Altered is a low-budget horror movie that, with some more money, could’ve gone down as one of the best horror movies of all time. The effects are spotty at times. In some scenes they look terrible, others they look great. Thankfully, they tend to get better as they go along. So make sure you stick this one out. It’s the best ‘little green men’ horror movie since Communion.
The Final Destination movies aren’t for everyone. Some see the choice of antagonist (‘fate itself’) as mere laziness. Others like myself see it as refreshingly minimalist and tongue-in-cheekily philosophical.
For those that do dig the flicks, the consensus tends to be that the fifth one is the weakest link, so you should consider it a favor that it isn’t included in this set.
My personal favorite is the third one. It’s the first one to rid itself of the seriousness that somewhat bogged down the pace of the previous ones and ramp up the silliness in its place. The tone is perfectly 80’s—oblivious, headstrong characters that deserve what comes to them, and creative deaths that will genuinely take you by surprise in a few instances (through their sheer ingenuity, not through grating ‘jump scares’).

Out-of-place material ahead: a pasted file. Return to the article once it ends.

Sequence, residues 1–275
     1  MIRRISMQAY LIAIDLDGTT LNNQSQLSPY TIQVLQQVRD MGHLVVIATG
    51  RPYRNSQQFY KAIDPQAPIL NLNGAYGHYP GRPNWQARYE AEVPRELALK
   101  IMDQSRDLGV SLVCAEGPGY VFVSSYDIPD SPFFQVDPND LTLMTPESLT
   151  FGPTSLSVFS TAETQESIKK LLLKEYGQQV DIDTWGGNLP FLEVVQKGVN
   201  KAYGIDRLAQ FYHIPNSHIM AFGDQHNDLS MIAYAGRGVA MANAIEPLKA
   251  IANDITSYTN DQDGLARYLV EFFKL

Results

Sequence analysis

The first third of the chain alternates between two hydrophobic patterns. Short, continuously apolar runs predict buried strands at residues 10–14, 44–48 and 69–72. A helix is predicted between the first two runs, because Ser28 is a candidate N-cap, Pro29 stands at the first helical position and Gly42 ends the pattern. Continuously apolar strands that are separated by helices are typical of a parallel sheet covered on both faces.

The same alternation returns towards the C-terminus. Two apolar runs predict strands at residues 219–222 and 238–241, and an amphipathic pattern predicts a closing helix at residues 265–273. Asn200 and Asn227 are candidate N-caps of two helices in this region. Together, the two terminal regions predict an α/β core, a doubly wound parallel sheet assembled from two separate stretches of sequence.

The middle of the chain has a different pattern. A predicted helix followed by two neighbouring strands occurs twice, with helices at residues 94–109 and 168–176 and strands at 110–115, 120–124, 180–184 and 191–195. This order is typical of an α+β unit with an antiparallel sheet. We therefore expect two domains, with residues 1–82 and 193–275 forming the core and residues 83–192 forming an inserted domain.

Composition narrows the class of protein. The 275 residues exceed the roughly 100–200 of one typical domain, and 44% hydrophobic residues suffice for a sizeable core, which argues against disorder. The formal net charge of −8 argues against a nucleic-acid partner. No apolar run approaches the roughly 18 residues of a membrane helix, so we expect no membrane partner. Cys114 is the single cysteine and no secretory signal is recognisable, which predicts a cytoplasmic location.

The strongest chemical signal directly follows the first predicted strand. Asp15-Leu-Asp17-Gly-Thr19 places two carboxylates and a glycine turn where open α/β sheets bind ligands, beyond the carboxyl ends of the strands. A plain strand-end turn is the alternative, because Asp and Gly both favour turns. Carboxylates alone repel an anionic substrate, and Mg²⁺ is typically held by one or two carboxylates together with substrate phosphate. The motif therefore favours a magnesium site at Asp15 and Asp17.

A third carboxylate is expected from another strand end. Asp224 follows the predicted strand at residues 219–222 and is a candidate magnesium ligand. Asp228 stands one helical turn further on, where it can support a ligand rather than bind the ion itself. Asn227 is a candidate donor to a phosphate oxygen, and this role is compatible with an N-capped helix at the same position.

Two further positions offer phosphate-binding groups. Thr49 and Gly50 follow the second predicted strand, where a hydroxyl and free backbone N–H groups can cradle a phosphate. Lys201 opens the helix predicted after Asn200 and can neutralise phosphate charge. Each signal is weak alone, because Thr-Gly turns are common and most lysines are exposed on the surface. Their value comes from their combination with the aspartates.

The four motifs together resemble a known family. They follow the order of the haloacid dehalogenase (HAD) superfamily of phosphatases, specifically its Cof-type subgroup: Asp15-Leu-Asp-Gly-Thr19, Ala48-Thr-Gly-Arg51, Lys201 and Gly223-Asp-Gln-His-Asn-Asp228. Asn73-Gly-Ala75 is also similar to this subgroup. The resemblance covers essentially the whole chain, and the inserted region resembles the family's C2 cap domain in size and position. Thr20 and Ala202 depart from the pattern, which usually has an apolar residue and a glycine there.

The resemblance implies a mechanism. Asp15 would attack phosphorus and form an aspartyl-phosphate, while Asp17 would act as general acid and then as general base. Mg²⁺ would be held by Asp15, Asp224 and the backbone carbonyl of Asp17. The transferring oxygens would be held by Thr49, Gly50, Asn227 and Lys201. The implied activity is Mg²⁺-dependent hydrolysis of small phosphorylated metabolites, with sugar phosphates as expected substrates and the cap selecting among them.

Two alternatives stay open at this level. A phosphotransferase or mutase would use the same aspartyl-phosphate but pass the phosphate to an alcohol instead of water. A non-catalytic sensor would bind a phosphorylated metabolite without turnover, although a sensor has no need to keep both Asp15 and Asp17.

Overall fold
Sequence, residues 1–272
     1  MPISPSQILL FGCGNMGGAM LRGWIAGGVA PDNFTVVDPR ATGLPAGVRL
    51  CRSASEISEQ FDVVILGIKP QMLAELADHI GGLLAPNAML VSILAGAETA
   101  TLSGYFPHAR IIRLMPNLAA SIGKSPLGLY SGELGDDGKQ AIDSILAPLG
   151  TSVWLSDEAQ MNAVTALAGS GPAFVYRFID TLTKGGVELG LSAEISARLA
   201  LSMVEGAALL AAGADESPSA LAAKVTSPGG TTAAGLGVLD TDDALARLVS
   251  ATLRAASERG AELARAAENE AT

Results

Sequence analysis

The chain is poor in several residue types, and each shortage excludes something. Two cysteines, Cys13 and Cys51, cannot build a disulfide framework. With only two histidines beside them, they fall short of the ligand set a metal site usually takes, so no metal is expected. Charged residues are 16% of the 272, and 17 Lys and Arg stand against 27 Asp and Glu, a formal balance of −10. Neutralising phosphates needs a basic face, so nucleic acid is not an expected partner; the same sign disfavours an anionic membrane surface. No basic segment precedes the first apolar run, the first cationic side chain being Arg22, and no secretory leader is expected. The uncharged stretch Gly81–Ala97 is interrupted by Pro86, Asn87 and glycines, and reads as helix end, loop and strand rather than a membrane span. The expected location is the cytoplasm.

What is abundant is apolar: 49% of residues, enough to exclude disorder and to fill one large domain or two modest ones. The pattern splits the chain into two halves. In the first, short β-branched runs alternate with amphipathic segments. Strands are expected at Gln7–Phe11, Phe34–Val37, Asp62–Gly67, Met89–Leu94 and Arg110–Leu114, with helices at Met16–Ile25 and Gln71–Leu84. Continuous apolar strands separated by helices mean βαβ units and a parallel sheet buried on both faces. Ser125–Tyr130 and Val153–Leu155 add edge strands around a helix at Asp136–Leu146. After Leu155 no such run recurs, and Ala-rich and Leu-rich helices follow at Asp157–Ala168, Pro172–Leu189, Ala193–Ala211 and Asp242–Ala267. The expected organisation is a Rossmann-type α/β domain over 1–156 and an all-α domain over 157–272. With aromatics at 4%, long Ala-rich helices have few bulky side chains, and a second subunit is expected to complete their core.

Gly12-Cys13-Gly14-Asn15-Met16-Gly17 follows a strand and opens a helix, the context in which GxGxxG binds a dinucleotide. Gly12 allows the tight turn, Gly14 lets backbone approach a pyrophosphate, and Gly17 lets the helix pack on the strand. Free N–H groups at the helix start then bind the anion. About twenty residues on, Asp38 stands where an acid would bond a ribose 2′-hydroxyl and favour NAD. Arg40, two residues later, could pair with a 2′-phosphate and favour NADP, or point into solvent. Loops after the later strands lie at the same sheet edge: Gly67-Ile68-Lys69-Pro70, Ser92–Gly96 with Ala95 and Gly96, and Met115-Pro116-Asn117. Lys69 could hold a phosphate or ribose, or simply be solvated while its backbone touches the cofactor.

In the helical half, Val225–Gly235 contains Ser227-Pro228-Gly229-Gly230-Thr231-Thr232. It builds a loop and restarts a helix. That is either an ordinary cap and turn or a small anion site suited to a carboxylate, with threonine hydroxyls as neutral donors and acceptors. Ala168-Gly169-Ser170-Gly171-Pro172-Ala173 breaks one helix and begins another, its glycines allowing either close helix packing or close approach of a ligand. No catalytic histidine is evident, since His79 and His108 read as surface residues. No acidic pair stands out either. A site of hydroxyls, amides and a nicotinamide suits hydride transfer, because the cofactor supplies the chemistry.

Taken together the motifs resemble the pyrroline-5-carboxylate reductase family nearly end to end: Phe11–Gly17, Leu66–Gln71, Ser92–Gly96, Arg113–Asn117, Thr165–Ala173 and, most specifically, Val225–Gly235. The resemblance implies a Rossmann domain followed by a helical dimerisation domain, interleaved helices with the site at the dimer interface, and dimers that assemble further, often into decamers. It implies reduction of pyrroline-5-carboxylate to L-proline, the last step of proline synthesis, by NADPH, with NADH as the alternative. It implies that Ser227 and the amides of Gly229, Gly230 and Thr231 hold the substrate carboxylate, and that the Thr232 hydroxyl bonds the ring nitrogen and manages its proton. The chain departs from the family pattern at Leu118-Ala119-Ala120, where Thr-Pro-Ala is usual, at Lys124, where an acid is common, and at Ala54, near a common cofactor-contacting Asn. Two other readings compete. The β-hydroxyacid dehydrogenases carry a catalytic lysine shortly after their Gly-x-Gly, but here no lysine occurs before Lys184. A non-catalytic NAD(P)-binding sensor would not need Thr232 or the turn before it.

The rest of the movies are enjoyable too (and the series should definitely be watched in order) but the third installment is worth the price of this DVD set alone. A word of warning before watching the fourth one: it’s a huge drop off after the third, but there are a few moments of brilliance. And it’s absolutely the most simplistic and breezy of all of them—almost impressively so. It makes the third one look like The Human Condition.